Philip Morris International and Ferrari recently launched the Mission Winnow campaign. But what exactly is it and how could it change advertising for tobacco companies in F1?

In 2007, tobacco advertising was officially banned from Formula One. It had been a long time coming, with confirmation of the decision coming way back in 2001 to give teams the chance to search for sponsorship deals beyond what had become a reliable revenue stream.

It was a huge, wide-reaching decision as tobacco advertising had been synonymous with F1 for decades.

Philip Morris International (PMI), in particular, enjoyed great exposure over the years. Some of F1’s most iconic moments came with the company’s Marlboro livery on the front of cars – from Ayrton Senna’s McLaren to Michael Schumacher’s Ferrari.

It was these deep roots within F1 that drove PMI’s unlikely decision to stay in the sport when every other company made its exit. West at McLaren, 555 at Brawn, and Lucky Strike at Honda all left F1 when the ban was enforced in 2007.

With advertising removed from cars and the coveralls of drivers and mechanics, PMI’s sponsorship of Ferrari was based almost exclusively on corporate hospitality. The global coverage and grandeur of Formula One still deemed to be enough of a pull to continue the relationship.

However in 2018, PMI’s place on the Ferrari car was restored.

This wasn’t thanks to an overhaul of tobacco advertising legislation but thanks to an innovative campaign called Mission Winnow. Essentially a CSR initiative, PMI’s Mission Winnow showcased the company’s scientific pursuit of less harmful methods of consuming tobacco.

‘Winnow’ is an old English word that describes the separating out of the unnecessary, emblematic of PMI’s attempts to create products for smokers that release less toxic chemicals than cigarettes.

Inevitably, eyebrows were immediately raised at the prospect of a cigarette company trying to discourage people from smoking traditional cigarettes.

But those behind Mission Winnow, and the extensive team of scientists working for PMI at its global research centre in Neuchatel, Switzerland, insist that the intentions are genuine.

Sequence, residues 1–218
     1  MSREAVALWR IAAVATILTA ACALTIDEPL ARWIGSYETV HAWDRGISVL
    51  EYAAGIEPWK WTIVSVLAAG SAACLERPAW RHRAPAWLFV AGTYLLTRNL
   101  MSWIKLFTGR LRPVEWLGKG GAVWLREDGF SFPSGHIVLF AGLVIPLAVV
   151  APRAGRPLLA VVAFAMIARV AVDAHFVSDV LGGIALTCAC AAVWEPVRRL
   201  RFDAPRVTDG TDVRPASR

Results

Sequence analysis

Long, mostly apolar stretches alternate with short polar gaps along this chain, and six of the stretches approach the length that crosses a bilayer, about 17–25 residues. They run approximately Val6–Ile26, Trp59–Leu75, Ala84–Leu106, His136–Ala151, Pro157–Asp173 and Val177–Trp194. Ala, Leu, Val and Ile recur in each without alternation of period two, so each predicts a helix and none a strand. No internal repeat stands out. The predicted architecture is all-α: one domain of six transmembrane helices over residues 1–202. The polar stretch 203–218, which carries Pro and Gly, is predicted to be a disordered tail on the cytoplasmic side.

“Through Mission Winnow we want to let the world know how we have changed,” said André Calantzopoulos, Chief Executive Officer of PMI. “We want to share our pride in the transformation that the people of PMI have achieved, as well as our dedication to rigorous science and innovation that can lead to a better future.

“We will use this global platform as a window into the new PMI and to challenge preconceptions, as we know there are many who may have doubts about us and our motivations. Our partnership with Scuderia Ferrari gives us the opportunity to build on many encouraging individual conversations with critics and supporters alike and reach out to a broad audience to engage at scale.”

That engagement has initially taken place in the Paddock, with Mission Winnow front and centre of the Ferrari hospitality experience at the 2018 season finale in Abu Dhabi. It also appears on the Ferrari wing and drivers’ helmets.

“Mission Winnow is about how we are transforming as a company, what we believe in and the way we work to enable a better future,” said ,” Miroslaw Zielinski, President Science & Innovation at PMI explains. “Scuderia Ferrari is the ideal partner for Mission Winnow because of the team’s passion for innovation and drive to constantly improve in the quest for victory.

The new campaign has brought PMI back to the forefront of F1 and it will surely be only a matter of time before other tobacco companies take inspiration from the company’s avant-garde approach to advertising.